콘텐츠 바로가기
로그인
컨텐츠

Category Open

Resources

tutorial

Collection of research papers and materials on development issues

home

Resources
Territorial Development National Land Development
Social Development Population

Print

Describing changes in the built environment of shrinking cities : Case study of Incheon, South Korea

Related Document
Frame of Image
  • Describing changes in the built environment of shrinking cities
  • Lee, Jae Seung; Won, Sehyung; Kim, Saehoon
  • American Society of Civil Engineers


link
Title Describing changes in the built environment of shrinking cities
Similar Titles
Sub Title

Case study of Incheon, South Korea

Material Type Articles
Author(English)

Lee, Jae Seung; Won, Sehyung; Kim, Saehoon

Publisher

[Reston, U.S.]:American Society of Civil Engineers

Date 2016-06
Journal Title; Vol./Issue Journal of Urban Planning and Development:vol. 142(2)
Subject Country South Korea(Asia and Pacific)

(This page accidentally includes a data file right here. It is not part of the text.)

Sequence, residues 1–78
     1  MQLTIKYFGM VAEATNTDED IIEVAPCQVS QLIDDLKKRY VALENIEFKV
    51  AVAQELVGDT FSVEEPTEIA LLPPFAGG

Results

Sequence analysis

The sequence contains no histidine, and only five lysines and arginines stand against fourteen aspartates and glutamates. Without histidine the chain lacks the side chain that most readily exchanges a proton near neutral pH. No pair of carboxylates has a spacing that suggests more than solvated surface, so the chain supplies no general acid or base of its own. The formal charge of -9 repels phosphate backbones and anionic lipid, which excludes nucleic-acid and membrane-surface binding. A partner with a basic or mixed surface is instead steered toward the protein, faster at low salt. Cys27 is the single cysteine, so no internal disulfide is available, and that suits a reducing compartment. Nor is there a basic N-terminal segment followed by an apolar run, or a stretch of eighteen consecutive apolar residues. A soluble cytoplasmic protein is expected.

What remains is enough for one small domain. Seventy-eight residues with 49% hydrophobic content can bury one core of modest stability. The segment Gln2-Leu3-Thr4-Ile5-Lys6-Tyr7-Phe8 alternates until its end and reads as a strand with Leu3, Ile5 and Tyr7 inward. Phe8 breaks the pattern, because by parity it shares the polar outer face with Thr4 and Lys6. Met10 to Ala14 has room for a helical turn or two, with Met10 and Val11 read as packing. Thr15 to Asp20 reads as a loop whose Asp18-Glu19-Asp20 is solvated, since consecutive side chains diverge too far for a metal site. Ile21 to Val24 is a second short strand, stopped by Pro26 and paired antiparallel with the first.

Language English
File Type Link
Subject Territorial Development < National Land Development
Social Development < Population
Holding American Society of Civil Engineers

Abstract

In the early 2000s, nearly 30% of South Korean cities reportedly shrunk in terms of population, number of enterprises, and property disinvestment. Although many researchers have already documented socioeconomic changes linked with shrinking cities, little is known about how changes in a neighborhood’s built environment influence the process of shrinking within a city’s local context. Here, a neighborhood called Songhyun-dong in Incheon, which was previously one of the busiest mixed-use retail neighborhoods in Korea, was empirically documented through nontechnical analyses of urban-form data for the years of 1937, 1985, 1995, and 2013. It was discovered that urban planners’ institutional response to urban shrinkage, such as development of extensive transport infrastructure and imposition of a rigid gridiron layout, failed to contribute to the recovery of the shrinking neighborhood. The resultant loss of securely-enclosed residential areas and adaptable market-space characteristics has amplified the downward spiral of the shrinking process.